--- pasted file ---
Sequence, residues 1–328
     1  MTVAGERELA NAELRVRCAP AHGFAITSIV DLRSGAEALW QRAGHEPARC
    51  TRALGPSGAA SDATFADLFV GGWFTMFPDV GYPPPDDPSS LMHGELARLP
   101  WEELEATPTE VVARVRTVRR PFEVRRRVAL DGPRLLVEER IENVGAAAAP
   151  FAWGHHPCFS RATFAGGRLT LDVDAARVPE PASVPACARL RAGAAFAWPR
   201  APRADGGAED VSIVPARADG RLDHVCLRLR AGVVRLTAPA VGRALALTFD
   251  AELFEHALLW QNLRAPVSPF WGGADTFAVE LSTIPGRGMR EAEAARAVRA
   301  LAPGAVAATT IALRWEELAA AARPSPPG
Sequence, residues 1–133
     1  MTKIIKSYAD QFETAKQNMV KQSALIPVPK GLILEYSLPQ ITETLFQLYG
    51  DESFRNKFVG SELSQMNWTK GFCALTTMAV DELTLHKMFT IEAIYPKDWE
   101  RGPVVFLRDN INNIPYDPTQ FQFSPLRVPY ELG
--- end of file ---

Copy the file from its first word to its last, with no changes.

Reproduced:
Sequence, residues 1–328
     1  MTVAGERELA NAELRVRCAP AHGFAITSIV DLRSGAEALW QRAGHEPARC
    51  TRALGPSGAA SDATFADLFV GGWFTMFPDV GYPPPDDPSS LMHGELARLP
   101  WEELEATPTE VVARVRTVRR PFEVRRRVAL DGPRLLVEER IENVGAAAAP
   151  FAWGHHPCFS RATFAGGRLT LDVDAARVPE PASVPACARL RAGAAFAWPR
   201  APRADGGAED VSIVPARADG RLDHVCLRLR AGVVRLTAPA VGRALALTFD
   251  AELFEHALLW QNLRAPVSPF WGGADTFAVE LSTIPGRGMR EAEAARAVRA
   301  LAPGAVAATT IALRWEELAA AARPSPPG
Sequence, residues 1–133
     1  MTKIIKSYAD QFETAKQNMV KQSALIPVPK GLILEYSLPQ ITETLFQLYG
    51  DESFRNKFVG SELSQMNWTK GFCALTTMAV DELTLHKMFT IEAIYPKDWE
   101  RGPVVFLRDN INNIPYDPTQ FQFSPLRVPY ELG